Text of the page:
Importance of animal welfare highlighted in annual report

Businesses in the food sector are becoming more aware of the importance of displaying their animal welfare procedures, according to the Business Benchmark on Farm Animal Welfare (BBFAW) report.

The annual review, which has been compiled in collaboration with Compassion in World Farming and World Animal Protection, alongside investment firm Coller Capital, provides information on how 90 of the worlds leading food companies manage and report their animal welfare policies and practices.

It was revealed that 69% of companies have published farm animal welfare policies, compared to just 46% in 2012. In addition, 54% of companies have published targets on farm animal welfare, up from 26% in 2012.

Noble Foods, Marks & Spencer, Waitrose and Coop Group (Switzerland) all attained the highest possible marks in the report, due out today (Tuesday 26 January 2016).

The Business Benchmark on Farm Animal Welfare has proved again this year what a powerful driver for change it is, said Philip Lymbery, Compassion in World Farmings chief executive.

Leading food companies are not only acknowledging farm animal welfare as a critical business issue, but also reporting and improving upon it year on year, he added.

This vital tool is providing an objective movement towards a more honest and compassionate food industry, and we are delighted to be at the forefront of it.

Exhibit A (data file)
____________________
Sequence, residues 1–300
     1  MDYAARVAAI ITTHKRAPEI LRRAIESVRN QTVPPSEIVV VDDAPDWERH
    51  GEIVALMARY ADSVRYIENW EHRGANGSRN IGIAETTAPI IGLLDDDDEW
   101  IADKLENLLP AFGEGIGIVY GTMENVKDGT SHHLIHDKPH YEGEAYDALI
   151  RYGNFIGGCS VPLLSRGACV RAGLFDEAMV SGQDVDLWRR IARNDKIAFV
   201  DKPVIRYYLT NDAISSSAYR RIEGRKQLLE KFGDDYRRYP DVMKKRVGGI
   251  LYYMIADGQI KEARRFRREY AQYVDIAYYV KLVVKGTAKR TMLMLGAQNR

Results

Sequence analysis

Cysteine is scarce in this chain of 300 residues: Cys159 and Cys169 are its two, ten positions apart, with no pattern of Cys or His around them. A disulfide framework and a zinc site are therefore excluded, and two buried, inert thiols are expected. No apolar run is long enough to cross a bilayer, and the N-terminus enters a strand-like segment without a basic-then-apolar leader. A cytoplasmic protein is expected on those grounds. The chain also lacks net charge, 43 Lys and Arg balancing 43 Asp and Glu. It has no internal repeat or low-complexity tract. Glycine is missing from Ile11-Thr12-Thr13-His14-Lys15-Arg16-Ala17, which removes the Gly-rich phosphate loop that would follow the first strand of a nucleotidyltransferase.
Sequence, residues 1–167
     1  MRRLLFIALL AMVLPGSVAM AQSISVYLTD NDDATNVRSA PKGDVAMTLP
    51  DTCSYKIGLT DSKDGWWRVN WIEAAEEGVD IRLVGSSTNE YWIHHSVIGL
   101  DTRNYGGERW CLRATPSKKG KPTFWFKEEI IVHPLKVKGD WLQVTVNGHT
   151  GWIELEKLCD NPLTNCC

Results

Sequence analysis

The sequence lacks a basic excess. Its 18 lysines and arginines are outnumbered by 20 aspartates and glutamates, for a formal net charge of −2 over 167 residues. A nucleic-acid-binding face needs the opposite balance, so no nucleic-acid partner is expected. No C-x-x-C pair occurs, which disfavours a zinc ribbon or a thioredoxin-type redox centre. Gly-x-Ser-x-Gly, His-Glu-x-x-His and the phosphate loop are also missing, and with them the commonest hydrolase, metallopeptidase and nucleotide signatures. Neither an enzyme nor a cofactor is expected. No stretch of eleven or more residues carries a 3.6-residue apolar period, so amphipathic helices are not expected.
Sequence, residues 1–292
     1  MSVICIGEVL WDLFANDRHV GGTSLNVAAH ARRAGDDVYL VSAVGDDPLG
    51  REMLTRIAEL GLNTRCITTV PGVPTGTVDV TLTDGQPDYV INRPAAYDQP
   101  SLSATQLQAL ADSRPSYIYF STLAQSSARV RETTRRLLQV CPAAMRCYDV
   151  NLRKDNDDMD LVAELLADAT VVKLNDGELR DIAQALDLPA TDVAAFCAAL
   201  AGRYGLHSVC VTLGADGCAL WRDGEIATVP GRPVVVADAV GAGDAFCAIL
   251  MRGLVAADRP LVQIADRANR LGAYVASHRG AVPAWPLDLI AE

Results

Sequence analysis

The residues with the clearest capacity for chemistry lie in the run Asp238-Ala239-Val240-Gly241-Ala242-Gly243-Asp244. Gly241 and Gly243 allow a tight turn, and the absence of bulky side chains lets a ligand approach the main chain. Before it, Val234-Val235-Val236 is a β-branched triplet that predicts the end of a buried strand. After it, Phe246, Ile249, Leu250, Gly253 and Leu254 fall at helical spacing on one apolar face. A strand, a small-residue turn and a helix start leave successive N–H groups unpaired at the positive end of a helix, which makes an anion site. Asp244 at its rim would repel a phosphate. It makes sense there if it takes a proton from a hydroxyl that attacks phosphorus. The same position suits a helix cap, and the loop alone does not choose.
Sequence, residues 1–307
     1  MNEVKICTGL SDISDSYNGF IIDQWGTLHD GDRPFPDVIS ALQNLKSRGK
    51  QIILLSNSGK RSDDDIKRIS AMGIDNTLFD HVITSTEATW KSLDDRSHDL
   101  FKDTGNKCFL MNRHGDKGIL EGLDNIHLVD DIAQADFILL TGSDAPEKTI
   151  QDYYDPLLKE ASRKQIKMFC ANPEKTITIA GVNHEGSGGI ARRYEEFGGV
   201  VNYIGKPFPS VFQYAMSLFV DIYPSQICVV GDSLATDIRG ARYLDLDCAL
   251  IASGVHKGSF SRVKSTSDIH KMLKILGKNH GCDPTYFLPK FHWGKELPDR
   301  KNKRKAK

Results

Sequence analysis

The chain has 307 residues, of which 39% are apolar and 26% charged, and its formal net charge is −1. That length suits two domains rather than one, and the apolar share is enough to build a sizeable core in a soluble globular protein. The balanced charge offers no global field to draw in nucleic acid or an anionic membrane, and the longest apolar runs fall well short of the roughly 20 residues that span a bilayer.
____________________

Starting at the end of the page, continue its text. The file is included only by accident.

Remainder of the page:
At the moment, 11 companies have made it onto the Benchmarks top two tiers, demonstrating the strongest commitments to farm animal welfare. As well as the previously mentioned supermarkets that all made it into Tier 1, The Co-operative Food (UK), J Sainsbury, Unilever, Cranswick, Marfrig, McDonalds and Migros all made it into Tier 2.

The results show that it is realistic for companies across the world and in all sub-sectors (retailers, wholesalers, restaurants, bars and producers) to aspire to and achieve high scores in the Benchmark and to recognise the responsibility they hold for the welfare of animals in their supply chains, commented Nicky Amos, BBFAW executive director.

However, even with the overall improvement made since 2012, approximately 40% of companies, which include Burger King, Dominos Pizza Group (UK) and Starbucks, provide little or no information surrounding their approach to animal welfare.

Despite the progress we are seeing, there is clearly much work to be done to get farm animal welfare on the business agenda of many large global food companies, continued Amos.

The report also highlighted the growing influence of global investment companies on farm animal welfare. BBFAW assembled a global investor collaboration on farm animal welfare, which now has 18 investors representing over one trillion pounds in assets under management.

For the first time we are seeing global investors actively engage with companies to encourage them to improve their practices and reporting on farm animal welfare, said Rory Sullivan, BBFAW expert advisor.

The annual Benchmark provides a strong incentive for companies to improve their disclosure and to account for their performance. As we build investor awareness and understanding of systemic risks and opportunities posed by farm animal welfare, we expect to see investor interest and, critically, action to increase over time.

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